How one North Carolina lawmaker’s defection from the Democratic Party upended abortion protections

The switch by Rep. Tricia Cotham gave Republicans veto-proof margins in both the House and Senate, upending the state’s fragile power balance and perhaps opening the floodgates to a new wave of conservative policies

Rep. Tricia Ann Cotham is photographed
Rep. Tricia Ann Cotham is photographed Tuesday, May 16, 2023, in Raleigh, North Carolina.Chris Seward (AP)

Mere weeks before North Carolina’s GOP-controlled legislature enacted a 12-week abortion limit over the Democratic governor’s opposition this week, state Republican lawmakers appeared just one vote shy of an override.

But one House Democrat — formerly a strong advocate for women’s reproductive rights — unexpectedly switched to the GOP and then voted to squash Gov. Roy Cooper’s veto of the bill to limit abortion access.

The switch by Charlotte-area Rep. Tricia Cotham gave Republicans veto-proof margins in both the House and Senate, upending the state’s fragile power balance and perhaps opening the floodgates to a new wave of conservative policies.

Republican bill sponsors also could use their newly attained veto-proof majority to propel some GOP-backed education policies and transgender restrictions across the finish line — several of which they introduced the same week Cotham announced her party change.

She ran last fall on a platform supporting abortion access and LGBTQ+ rights but has since supported bills that critics say are at odds with those stances.

“Some call me a hypocrite since I voted for this bill,” Cotham said after supporting the abortion override Tuesday. The former Democrat, who has strong familial ties to the party and was known for giving an emotional House floor speech in 2015 about her own ectopic pregnancy, said she thought the bill struck “a reasonable balance” and represented the “middle ground” of two extremes.

Cotham, who earlier this year signed on to legislation to codify abortion protections under Roe v. Wade in state law, was among a small group of GOP legislators whom Cooper lobbied heavily to sustain his veto. Rep. Ted Davis, who had declined to state publicly his views on the GOP abortion bill, was another.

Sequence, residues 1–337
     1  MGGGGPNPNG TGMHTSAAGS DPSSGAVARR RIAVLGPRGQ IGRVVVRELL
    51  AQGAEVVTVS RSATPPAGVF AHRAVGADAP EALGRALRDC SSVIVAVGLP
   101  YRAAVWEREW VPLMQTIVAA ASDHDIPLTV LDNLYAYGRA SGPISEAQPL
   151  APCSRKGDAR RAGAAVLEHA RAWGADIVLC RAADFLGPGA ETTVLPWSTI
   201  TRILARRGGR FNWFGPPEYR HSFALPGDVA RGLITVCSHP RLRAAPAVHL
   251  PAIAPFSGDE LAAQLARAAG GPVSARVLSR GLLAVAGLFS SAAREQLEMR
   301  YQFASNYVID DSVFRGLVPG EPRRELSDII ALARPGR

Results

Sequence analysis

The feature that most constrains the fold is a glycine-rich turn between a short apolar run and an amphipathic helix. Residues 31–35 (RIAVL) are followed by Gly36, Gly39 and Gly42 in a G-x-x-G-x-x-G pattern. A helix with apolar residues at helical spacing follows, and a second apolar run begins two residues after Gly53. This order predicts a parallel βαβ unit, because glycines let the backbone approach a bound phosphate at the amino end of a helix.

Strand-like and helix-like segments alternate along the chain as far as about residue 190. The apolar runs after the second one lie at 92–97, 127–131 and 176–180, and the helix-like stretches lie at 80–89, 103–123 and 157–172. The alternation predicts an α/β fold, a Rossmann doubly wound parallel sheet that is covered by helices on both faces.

While Cotham had voted in favor of further restrictions when the measure initially cleared the House May 4 — a move many Democratic constituents denounced as a “betrayal” — Davis was the lone Republican absent for the vote, making him a primary target of Cooper’s eleventh-hour plea.

The Wilmington-area Republican, who said at a candidate forum last fall that he supported “what the law is in North Carolina right now,” which was a 20-week limit, contends he did not break any campaign promises. Davis now stands by his override vote, viewing it as a separate matter and one on which he made no promises.

The new abortion limits set to take effect July 1 also include new rape or incest exceptions through 20 weeks of pregnancy and exceptions for “life-limiting” fetal anomalies during the first 24 weeks. An existing exception remains for when the life of the pregnant woman is in danger.

“Based on things that have happened in my conscience, I could not vote to support Cooper, in part because of the manner in which he has tried to pressure and bully me into voting to support him,” Davis told The Associated Press after the override vote.

When announcing her party switch in April, Cotham similarly claimed pressure from Cooper and legislative Democrats made her feel disrespected and in part prompted her defection.

Cooper defended his cross-state campaign to persuade at least one Republican to uphold his veto, saying the 47-page bill had been approved less than 48 hours after its release. And GOP leaders sounded confident they had the votes for a successful override, he said.

“Somebody had to tell the people of North Carolina what was in this legislation, and that’s what I did,” Cooper told the AP on Friday, adding that what “I was trying to do was to change that math and to point out the promises that these Republicans had made.”

As for Davis’ comments about bullying, Cooper responded: “People are always looking for an excuse when they break a promise.”

Some Democrats are calling for Cotham’s resignation. Her vote to enact new abortion restrictions “went against the will of those who elected her,” said Nina Rodriguez, a voter and constituent of Cotham’s.

Since Cotham joined the GOP, she has also voted for a ban on gender-affirming surgeries for transgender minors and a prohibition on transgender student athletes playing on the sports teams that align with their gender identity.

Her party switch also gives Republicans greater confidence that they will have the votes to expand considerably a state program that provides taxpayer-funded scholarships to K-12 children to attend private schools.

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